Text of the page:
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Sir Claude Francis Barry (1883-1970)
Artist's Resale Right ("Droit de Suite"). Artist's… Read more PROPERTY FORMERLY IN THE ESTATE OF SIR CLAUDE FRANCIS BARRY‘Over seven decades of active work Barry’s art never became static or stale. His style evolved constantly, from the early narrative oils through the energetic Vorticist works, from the elegant etchings to the vibrant Pointillist canvases, from the chromatic landscapes to the elemental simplicity of his final works’ (K. Campbell, Moon Behind Clouds: An Introduction to the Life and Work of Sir Claude Francis Barry, Jersey, 1999, p. 32).Most famed for his wartime searchlight pictures, Barry created a remarkably varied body of work, which although differing in style and theme over the years, always remains imbued with an individual poetic vision. He was a gifted painter and a proficient etcher, having trained under Sir Frank Brangwyn, which encouraged a unique tonality and emphasis on composition and structure in his paintings. This can be seen to equal effect in the different media he used, such as in his painting Dolce Aqua Moonlight (see lot 154 in the Modern British & Irish Art Day Sale, Christie's, London, 24 November 2016) and his etching St Mark’s, Venice, which both depict scenes from Italy, where he travelled on numerous occasions. Indeed travel was of great importance to Barry, who toured Italy with his tutor after leaving Harrow school and later moved around Europe in the 1920s and 1930s, before returning to St Ives in 1939, later settling in Jersey. This European influence can be seen in Barry’s bold use of colour, inspired by Matisse, as well as his interest in, and proficiency with, European painting styles such as Fauvism, Vorticism and Pointillism, as displayed in paintings like Evening Light, San Gimignano and Notre Dame de Paris, Evening (see lots 153 and 155 in the Modern British & Irish Art Day Sale, Christie's, London, 24 November 2016).Barry is somewhat of an enigma and the facts of his life are tinged with uncertainty, much of what we do know has been pieced together from documents found in an old suitcase on his death. Born into a wealthy, industrial family Barry was a reclusive figure, who was known for being as equally quick-tempered as he was wickedly witty. Having lost his mother at a young age and ostracised by his new stepmother, his life was tinged with a sense of sadness. A feeling of loss and alienation is felt in some of Barry’s most poignant works, where vast nocturne skies, dwarf the unseen solitary figure watching them, as seen in his evocative Wartime paintings of searchlights across London. Defying his parents’ wishes to become a painter, Barry moved to Newlyn to be tutored by Alfred East, a fashionable landscape painter and an Associate of the Royal Academy. Here he joined the Newlyn School of Painting and worked alongside the Newlyn School greats, such as Henry Scott Tuke, Norman Garstin and Stanhorpe Forbes, combining the Impressionist interest in light with a Victorian interest in realism. Although shunned by his family, Barry was embraced by the artistic community and by the age of 23 was exhibiting at the Royal Academy, and later the Royal Society of British Artists, Royal Society of Scottish Artists and the Salon des Artistes in Paris. In 1908 Barry moved to St Ives with his new wife Doris Hume-Spry and joined artists Laura Knight, Augustus John and Alfred Munnings, who had all settled there. Here Barry became an active member of the St Ives Club, later becoming club treasurer, and learnt to paint with a looser, more individual style. With the outbreak of the First World War in 1914, much of the artistic community of St Ives was disbanded, with many of the artists being called away for military service. Barry was not amongst them and instead was drafted in to do agricultural labour to support the production of supplies for troops at the front. Some state that this was due to his pacifist standing, while others believe he may have received exemption, due to prior mental health issues. Whatever the case Barry was in the prime location to record the war at home, creating some of the most striking and moving documentations of the fears civilians faced on a daily basis. His most celebrated works are those he painted during the First and Second World Wars, with his depictions of the air strikes over London being some of his most powerful paintings. This is seen to remarkable effect in V.E. Day, London and Moscow Victorious, May 1945 and most particularly Houses of Parliament - a wartime Nocturne (see lots 33-35), where Barry captures the dramatic view of the searchlights over the river Thames, as they radiate out into the night-time sky. Viewed from across the water, Barry utilises the rays of the searchlights to create a beautifully scintillating and dramatic use of patterning, which describes the numerous crossing beams of light, transfiguring the danger of the nocturnal scene into a thing of beauty. Fearful of the security risks of painters depicting strategic sites, the government imposed a ban on outdoor painting, forcing artists back into the studio. This had a significant effect on Barry’s style, encouraging him to move away from the Newlyn’s emphasis on plein-air realism and instead look towards the French Pointillist painters, such as Seurat and Signac, the Fauve artists like Matisse and Derain, and the British Vorticists, who focused on the dynamism of colour and form. The pointillist technique Barry employed during this time and into the 1920s and 1930s is especially effective, as seen in stylised portraits of women and paintings like Houses of Parliament - a wartime Nocturne (lot 33), where he uses the small concentrated dots of colour to create an atmospheric haze of light, which falls poetically over the London skyline. A critic, who viewed his work in 1922, aptly responded, ‘You may like or dislike his work, but you cannot ignore it. It has a commanding strength of vision’. Philip Vann elaborates, ‘Here, Barry’s own fertile study of modern art movements has resulted in a highly original synthesis: the searchlights themselves uniting the severe mechanical angularities of Vorticist and Futurist art with delicate tonal modulations characteristic of Pointillism’ (P. Vann, Francis Barry, 2008, n.p.).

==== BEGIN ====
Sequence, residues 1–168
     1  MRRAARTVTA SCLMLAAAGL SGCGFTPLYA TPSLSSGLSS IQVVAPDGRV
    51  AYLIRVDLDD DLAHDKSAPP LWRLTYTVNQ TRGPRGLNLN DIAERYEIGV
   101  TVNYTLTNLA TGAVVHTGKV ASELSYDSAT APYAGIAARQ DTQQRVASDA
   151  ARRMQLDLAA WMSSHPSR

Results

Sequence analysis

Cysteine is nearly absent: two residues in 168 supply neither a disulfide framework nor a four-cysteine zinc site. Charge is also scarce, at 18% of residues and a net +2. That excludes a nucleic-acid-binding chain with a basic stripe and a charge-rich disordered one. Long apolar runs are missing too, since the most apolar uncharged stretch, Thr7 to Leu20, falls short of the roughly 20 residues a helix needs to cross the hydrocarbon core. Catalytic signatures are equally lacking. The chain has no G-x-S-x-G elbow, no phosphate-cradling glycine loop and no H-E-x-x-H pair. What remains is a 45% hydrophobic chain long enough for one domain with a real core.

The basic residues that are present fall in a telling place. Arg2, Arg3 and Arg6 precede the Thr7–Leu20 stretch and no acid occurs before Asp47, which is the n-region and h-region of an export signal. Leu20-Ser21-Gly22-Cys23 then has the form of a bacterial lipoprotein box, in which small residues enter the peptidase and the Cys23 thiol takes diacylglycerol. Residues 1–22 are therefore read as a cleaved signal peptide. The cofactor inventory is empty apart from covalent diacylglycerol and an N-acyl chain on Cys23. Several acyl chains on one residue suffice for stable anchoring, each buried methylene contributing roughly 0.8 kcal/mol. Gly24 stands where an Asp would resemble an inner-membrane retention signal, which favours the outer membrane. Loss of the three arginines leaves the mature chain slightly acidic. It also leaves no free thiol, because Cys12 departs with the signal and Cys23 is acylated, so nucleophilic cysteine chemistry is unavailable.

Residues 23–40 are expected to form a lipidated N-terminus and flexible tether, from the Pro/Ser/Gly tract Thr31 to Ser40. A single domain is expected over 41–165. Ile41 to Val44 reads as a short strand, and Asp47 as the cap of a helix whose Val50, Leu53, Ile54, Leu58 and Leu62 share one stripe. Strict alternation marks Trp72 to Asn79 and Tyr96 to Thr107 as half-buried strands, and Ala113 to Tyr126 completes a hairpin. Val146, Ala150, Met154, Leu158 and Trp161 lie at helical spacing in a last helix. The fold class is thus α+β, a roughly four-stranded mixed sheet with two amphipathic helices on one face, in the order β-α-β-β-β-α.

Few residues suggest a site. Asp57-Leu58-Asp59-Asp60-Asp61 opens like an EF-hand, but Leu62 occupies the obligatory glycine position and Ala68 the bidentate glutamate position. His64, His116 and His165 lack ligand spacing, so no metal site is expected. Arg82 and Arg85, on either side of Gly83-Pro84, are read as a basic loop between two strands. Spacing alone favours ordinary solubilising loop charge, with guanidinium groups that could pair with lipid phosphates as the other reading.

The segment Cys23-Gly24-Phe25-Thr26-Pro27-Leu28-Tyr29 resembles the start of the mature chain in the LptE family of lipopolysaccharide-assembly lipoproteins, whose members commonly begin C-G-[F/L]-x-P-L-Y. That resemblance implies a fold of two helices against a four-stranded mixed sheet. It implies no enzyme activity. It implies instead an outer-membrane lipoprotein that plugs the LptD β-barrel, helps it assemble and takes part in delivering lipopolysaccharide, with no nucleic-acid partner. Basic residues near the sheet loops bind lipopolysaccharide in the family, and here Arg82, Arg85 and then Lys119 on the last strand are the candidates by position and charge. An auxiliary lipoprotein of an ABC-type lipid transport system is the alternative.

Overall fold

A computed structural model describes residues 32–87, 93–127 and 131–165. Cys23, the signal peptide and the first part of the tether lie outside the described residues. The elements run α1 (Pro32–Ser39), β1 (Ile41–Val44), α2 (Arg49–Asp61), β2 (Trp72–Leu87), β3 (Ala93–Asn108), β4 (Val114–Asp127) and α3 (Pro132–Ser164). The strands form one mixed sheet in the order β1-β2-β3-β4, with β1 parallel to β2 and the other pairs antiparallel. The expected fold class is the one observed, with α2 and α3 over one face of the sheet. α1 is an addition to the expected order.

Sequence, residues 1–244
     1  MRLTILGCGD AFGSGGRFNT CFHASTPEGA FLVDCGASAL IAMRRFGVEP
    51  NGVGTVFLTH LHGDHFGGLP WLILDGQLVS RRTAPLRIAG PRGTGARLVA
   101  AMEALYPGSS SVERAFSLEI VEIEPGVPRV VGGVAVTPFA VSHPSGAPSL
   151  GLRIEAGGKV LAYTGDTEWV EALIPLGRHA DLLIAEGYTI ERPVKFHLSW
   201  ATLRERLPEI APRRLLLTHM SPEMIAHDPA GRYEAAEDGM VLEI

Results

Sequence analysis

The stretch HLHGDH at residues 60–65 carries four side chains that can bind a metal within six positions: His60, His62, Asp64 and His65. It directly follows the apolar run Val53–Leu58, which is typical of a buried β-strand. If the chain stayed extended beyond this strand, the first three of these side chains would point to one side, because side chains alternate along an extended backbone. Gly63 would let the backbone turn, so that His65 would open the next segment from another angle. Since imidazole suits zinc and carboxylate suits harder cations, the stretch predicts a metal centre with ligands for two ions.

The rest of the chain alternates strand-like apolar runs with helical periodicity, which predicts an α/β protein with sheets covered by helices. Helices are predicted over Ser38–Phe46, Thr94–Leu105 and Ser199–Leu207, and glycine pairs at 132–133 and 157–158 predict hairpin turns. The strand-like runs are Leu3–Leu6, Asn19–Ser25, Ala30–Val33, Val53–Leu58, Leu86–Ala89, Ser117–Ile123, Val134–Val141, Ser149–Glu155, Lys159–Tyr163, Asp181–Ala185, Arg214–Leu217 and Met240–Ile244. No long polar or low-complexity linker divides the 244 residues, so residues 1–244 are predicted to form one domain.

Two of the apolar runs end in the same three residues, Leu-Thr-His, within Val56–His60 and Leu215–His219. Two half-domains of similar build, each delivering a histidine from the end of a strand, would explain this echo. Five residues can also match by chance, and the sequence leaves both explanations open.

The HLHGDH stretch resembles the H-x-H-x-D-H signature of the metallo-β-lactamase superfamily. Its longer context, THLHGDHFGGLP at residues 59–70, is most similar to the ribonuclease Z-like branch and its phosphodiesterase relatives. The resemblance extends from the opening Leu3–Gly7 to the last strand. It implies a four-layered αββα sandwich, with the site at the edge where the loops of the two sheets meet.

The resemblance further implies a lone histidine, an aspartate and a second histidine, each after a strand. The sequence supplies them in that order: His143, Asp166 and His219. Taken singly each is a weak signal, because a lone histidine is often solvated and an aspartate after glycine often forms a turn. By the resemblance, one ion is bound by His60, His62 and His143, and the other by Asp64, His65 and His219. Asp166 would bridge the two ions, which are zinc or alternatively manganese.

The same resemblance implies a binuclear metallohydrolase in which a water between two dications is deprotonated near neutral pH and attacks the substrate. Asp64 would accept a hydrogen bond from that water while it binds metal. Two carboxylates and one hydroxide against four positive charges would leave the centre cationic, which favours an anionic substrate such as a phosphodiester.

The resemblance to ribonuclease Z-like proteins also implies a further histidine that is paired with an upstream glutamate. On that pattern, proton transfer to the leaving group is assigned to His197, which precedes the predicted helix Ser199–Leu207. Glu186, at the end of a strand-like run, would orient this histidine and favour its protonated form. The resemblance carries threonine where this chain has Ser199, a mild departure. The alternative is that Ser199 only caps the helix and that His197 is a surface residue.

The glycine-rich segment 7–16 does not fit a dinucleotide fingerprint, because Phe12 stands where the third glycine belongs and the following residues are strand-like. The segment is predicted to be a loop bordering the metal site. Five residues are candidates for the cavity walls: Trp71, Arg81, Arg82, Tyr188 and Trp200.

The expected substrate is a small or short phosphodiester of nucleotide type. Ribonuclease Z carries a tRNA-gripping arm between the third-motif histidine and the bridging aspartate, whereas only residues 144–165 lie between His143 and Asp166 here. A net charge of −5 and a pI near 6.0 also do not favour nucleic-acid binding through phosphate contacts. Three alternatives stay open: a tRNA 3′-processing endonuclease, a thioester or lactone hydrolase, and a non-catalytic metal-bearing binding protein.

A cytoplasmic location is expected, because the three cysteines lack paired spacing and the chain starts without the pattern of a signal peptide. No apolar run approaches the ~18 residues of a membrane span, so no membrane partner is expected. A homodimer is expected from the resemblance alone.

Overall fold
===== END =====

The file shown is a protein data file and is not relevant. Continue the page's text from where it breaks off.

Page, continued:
Sir Claude Francis Barry (1883-1970)

Houses of Parliament - a wartime Nocturne

Details
Sir Claude Francis Barry (1883-1970)
Houses of Parliament - a wartime Nocturne
signed 'F. Barry' (lower left) and signed again, inscribed and dated '"The Houses of Parliament - a wartime Nocturne" 1941 Barry. F.' (on the stretcher)
oil on canvas
29½ x 37¾ in. (75 x 96 cm.)
Provenance
Anonymous sale; Sotheby's, Billinghurst, 14 January 1992, lot 286, where purchased by the previous owner; from whom purchased by the present owner.
Exhibited
possibly London, Royal Society of British Artists, Winter Exhibition, 1942, no. 401.
Truro, Royal Cornwall Museum, Sir Claude Francis Barry, February - June 2011.
Special notice

Artist's Resale Right ("Droit de Suite"). Artist's Resale Right Regulations 2006 apply to this lot, the buyer agrees to pay us an amount equal to the resale royalty provided for in those Regulations, and we undertake to the buyer to pay such amount to the artist's collection agent.